Jane Binnion column

Jane Binnion from Lancaster, social media trainer.
Jane Binnion from Lancaster, social media trainer.
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Last week I was invited to school to talk at a Year 9 assembly about stopping to think before they post things on social media.

As an ex-youth worker it’s always a pleasure to talk with young people, but what I realise when I do these events is that young people are not as social media savvy as we like to think they are.

I meet many business owners that want to take on students to do their social media, or give it to the young apprentice, as there’s a myth that they’re the experts in this field.

Of course they’ve grown up with it and they are more comfortable using it than most adults, but they’ve been given very little guidance on the do’s and don’ts and so, all too often, come unstuck.

I feel pretty sorry for them really, after all those of us aged over 40 did stupid stuff too, but with no Facebook or Snap-chat equivalent there’s just no record of it. Young people don’t have that luxury, as pretty much all the daft stuff they do is recorded somewhere, by themselves, their friends or their family.

Now here we are with the long summer holidays upon us and many teens will spend a fair amount of unsupervised time on-line, or worse being egged on by their peers, yet we’re still grappling with the question of who should teach young people about all this. Sadly while everyone is thinking it’s someone else’s responsibility, young people are paying the price.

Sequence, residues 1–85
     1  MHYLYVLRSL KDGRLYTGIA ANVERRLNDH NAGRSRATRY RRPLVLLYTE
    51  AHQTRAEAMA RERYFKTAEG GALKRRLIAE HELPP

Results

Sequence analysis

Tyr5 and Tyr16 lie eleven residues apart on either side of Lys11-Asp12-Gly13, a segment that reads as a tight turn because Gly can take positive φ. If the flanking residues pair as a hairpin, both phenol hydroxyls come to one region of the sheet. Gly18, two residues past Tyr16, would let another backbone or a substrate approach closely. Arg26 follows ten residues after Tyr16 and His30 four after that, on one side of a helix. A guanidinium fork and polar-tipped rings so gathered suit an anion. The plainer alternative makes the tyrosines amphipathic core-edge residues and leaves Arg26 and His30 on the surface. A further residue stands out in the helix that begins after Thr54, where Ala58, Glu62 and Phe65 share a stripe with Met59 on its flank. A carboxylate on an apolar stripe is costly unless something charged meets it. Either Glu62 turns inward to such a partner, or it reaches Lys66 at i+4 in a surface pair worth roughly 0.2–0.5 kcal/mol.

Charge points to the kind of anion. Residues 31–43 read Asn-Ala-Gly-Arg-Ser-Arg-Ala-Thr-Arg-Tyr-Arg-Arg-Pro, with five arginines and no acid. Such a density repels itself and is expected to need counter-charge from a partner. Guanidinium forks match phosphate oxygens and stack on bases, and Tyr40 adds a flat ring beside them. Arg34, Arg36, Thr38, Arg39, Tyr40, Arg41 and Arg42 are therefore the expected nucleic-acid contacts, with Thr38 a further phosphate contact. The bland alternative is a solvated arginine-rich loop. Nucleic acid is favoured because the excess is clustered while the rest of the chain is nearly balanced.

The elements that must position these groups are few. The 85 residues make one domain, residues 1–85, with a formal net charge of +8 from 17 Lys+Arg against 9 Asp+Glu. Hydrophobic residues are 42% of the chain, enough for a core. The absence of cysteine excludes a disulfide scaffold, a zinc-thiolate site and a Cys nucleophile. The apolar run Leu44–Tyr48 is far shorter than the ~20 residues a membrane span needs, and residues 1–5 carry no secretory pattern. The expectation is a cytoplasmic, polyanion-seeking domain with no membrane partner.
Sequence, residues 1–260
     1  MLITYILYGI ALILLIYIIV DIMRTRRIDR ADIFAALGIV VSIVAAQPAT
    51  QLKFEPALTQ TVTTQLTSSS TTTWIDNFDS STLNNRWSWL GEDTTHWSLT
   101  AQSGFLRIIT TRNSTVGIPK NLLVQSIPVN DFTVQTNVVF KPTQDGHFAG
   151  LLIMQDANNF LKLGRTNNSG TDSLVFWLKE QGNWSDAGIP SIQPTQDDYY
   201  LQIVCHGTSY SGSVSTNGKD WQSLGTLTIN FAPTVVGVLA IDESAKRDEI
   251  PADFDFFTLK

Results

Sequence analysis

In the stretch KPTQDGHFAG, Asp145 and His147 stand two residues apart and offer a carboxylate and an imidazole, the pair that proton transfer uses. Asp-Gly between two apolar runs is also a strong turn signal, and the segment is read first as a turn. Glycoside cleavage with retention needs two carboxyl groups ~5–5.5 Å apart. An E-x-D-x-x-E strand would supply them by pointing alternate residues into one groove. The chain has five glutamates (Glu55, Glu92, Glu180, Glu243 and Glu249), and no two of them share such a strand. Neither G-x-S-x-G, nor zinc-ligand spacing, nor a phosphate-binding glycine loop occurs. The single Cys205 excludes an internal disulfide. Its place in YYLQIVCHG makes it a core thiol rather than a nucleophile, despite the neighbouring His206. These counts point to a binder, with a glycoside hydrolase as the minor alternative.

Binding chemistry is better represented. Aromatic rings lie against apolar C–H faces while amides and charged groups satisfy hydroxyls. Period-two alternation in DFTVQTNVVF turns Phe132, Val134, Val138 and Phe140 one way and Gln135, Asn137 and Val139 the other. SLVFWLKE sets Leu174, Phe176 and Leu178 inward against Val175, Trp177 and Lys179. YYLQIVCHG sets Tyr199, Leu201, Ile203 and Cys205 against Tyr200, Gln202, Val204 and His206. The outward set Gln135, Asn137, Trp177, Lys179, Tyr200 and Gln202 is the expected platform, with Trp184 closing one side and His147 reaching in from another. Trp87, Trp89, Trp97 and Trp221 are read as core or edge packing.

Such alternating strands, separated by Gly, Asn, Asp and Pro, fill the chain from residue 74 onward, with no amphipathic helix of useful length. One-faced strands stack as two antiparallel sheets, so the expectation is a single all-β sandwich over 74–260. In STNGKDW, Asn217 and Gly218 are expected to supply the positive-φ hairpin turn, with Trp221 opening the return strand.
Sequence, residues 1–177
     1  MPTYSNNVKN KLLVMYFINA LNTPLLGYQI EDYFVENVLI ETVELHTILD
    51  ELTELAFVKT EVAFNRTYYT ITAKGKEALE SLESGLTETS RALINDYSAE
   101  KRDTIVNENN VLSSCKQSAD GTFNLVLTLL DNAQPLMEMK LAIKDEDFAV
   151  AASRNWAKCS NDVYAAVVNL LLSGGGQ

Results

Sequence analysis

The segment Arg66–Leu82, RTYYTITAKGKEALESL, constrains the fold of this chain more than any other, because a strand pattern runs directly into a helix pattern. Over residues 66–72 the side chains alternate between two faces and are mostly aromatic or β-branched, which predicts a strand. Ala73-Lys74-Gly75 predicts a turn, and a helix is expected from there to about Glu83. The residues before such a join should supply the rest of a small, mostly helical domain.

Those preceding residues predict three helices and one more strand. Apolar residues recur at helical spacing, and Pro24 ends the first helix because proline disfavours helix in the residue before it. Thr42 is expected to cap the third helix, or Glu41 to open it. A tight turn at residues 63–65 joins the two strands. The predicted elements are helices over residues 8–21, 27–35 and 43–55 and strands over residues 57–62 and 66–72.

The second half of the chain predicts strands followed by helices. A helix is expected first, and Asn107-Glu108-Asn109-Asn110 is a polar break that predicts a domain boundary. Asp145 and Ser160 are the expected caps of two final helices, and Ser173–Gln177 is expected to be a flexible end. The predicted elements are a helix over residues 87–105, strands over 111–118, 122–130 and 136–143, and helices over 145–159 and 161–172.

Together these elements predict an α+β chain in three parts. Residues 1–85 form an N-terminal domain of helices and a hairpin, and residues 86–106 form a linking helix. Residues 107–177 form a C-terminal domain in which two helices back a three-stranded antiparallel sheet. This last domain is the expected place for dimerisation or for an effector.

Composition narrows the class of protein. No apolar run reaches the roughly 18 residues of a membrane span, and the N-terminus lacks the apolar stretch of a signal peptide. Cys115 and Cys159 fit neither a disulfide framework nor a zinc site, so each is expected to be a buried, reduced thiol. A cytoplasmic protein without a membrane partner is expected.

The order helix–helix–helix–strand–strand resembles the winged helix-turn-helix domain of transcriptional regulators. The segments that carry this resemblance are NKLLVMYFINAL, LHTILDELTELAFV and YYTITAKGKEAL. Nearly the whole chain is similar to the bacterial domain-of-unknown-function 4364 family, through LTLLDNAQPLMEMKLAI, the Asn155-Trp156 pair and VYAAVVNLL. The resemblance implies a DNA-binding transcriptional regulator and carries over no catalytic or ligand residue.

One in 10 young people are not getting jobs because of things they shared on-line and I’m confident that will rise as more and more recruiters are checking candidates’ social media profiles.

And of course the police are now following up on social media related complaints too.

Schools are doing a fair job of raising the issue, but as they’re shut for six weeks it’s now down to us parents. The main problem we face is that still most of us do not understand the ins and outs of social media, but just raising the subject with our youngsters is a very good start as only a handful of the entire Year 9 said that they talk to their parents about social media.

We don’t need to be experts to start the conversation, but arming ourselves with information will help, and of course we can be good role models by thinking about what we post too.